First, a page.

Categories : fleet repair

 
Keys to keeping your brakes up to CSA standard – Fleet Equipment Magazine

With the exception of tires, couple of parts can get truck fleets and operators into as much difficulty as brakes and lighting, according to Fred Fakkema, Zonar’s vice president of compliance. Zonar is maker of the 2020 Mobile Tablet, which provides an electronic vehicle evaluation reporting system (EVIR). “Brakes and lighting represented 13 of the top 21 assessment offenses mentioned in 2014,” he stated. “Regular and consistent ride inspections can go a long way in avoiding citations. You can attain that consistency by aligning your fleet’s pre-trip inspection kinds with CSA requirements and by seeing to it drivers understand exactly what they’re searching for.” For example, one of the most significant problems with brakes is brake slack adjustment. Motorists ought to know all four of the conditions required to inspect change appropriately and needs to never ever try to by hand re-adjust automatic slack adjusters, he added. Aggressive de-icing chemicals utilized throughout last winter’s impressive storms might have damaged lights or accelerated the rust that disrupts current circulation on trailer electrical wiring, he went on. Drivers need to acknowledge the deterioration and which lights should operate in order to avoid citations or OOS offenses. Wish to make certain your truck’s brakes are working but unsure of all the steps? Dan Philpott, manager of engineering at Meritor, provides maintenance tips: – Check that rotor surface areas do not have severe rusting on either side; – Examine chambers for audible leakages and damage; – Inspect that all parts are present and without damage– air chambers, pads, pad retaining parts, boots and covers; – Inspect that air hoses exist and safe and secure and no fractures, leaks, or swelling; – Inspect if minimum pad density is higher than 1/16-in.(1.6 mm) or pad wear sign; – Examine linings for pollutants such as grease or oil; – Inspect linings get in touch with drums; – Inspect chambers for audible leakages or damage; – Examine that parts exist; springs, air chambers, lini …
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STEMCO establishes brand-new fuel effectiveness testing for TrailerTails – The Trucker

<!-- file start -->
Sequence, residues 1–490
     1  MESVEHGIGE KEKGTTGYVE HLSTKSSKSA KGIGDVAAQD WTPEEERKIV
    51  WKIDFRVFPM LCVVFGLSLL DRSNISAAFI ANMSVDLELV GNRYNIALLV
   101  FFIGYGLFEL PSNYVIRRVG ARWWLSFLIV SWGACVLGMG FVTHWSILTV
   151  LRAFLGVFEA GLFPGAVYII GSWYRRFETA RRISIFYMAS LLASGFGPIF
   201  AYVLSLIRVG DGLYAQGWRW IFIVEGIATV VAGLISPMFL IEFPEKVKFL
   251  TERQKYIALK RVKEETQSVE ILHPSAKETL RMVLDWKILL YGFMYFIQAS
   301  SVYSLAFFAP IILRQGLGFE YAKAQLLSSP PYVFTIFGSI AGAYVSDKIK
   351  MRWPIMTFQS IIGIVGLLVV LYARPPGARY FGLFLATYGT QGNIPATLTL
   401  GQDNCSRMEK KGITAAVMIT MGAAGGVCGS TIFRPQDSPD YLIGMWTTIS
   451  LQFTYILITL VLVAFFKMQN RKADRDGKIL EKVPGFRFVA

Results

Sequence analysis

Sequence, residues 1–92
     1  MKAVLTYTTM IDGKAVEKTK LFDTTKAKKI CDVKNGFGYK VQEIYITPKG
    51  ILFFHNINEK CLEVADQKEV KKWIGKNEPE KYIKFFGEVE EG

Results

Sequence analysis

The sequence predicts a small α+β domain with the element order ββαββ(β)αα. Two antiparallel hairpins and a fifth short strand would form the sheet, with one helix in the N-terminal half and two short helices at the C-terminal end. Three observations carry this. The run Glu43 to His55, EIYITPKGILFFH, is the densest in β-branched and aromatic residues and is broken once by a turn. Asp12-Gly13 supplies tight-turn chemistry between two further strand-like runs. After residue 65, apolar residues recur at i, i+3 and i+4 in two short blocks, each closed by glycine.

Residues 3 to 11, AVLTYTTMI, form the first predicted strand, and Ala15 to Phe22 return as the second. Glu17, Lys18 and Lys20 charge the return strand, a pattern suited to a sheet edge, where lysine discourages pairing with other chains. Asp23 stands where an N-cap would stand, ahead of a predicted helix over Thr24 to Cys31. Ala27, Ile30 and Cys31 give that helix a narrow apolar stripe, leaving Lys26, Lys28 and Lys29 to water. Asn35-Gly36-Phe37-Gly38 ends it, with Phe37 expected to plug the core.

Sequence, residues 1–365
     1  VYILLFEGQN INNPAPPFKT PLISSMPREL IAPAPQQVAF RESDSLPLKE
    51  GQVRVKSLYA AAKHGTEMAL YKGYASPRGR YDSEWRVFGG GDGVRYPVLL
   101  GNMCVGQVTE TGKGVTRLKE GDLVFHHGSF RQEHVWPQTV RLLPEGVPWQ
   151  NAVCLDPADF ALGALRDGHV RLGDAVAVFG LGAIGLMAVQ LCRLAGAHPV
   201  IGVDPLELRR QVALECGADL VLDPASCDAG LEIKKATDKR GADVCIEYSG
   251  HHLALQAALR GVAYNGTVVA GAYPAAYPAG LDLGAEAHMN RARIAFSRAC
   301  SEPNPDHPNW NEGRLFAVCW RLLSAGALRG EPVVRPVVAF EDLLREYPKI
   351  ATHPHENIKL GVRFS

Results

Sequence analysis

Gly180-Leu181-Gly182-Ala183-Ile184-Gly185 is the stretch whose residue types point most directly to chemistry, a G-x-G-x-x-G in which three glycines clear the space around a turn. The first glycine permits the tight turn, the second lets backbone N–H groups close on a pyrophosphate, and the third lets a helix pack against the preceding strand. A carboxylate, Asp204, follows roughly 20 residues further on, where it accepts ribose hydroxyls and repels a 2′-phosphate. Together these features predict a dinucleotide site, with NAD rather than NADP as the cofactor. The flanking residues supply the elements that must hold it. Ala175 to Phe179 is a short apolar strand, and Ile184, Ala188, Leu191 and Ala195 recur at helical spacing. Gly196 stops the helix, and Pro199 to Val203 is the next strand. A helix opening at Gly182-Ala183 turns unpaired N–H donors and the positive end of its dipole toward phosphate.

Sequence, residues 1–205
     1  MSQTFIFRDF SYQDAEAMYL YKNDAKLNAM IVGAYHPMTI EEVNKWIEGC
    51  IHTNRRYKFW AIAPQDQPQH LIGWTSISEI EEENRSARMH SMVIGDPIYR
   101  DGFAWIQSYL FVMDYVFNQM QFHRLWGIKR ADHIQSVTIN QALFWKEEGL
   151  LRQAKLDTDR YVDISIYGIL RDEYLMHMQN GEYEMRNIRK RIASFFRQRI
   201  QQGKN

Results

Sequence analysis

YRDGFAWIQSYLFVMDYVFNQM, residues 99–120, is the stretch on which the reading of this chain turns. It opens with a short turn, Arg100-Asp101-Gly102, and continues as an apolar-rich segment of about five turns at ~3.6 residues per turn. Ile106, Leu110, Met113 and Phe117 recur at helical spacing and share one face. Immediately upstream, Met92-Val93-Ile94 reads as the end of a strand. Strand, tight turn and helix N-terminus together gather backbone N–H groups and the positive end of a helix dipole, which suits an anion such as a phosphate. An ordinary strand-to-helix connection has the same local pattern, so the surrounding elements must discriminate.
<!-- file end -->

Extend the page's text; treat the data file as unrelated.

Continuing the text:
The Trucker News Services 7/20/2015 LONGVIEW, Texas — — STEMCO, an EnPro Industries company, has actually developed a brand-new fuel efficiency testing technology for TrailerTail aerodynamic equipment. The real life DataLogger test supplies fleets with an extremely fast, accurate and considerably less expensive approach of checking the fuel effectiveness of TrailerTail technology using a fleet’s own truck, trailer and driver in under 4 hours, according to a STEMCO news release. The palm-sized DataLogger — — established in collaboration with IOSiX — — plugs directly into the tractor’s J1939 diagnostic port and accesses engine data. A STEMCO field specialist carries out a regulated test with the fleet’s truck, trailer and driver. STEMCO engineers then examine the information to specifically break down how much fuel the TrailerTail system will certainly save that particular fleet. The technology’s screening protocol and filtering algorithm were established specifically to supply a customized data stream that separates the aerodynamic variables while lessening the disruptive result that inconsistent wind patterns, temperature level and traffic can have when comparing various test runs to determine fuel economy enhancements, according to Bob Montgomery, vice president of the Ingenious Tire & Mileage Solutions group at STEMCO. “TrailerTail technology has actually proven in many standardized aerodynamic tests that it lowers fuel consumption by over 5 percent at highway speeds,” Montgomery said. “However many fleets actually wish to know that it will work for them in their specific operation, not simply on a test track or in someone else’s fleet. The DataLogger offers a way to prove fuel savings in a matter of hours.” More than a lots fleets have actually tested TrailerTail utilizing the DataLogger with results consistently approximating 4.5 percent, equating to an average mpg improvement of 0.44, Montgomery stated, noting that the results are also consistent with fuel cost savings …
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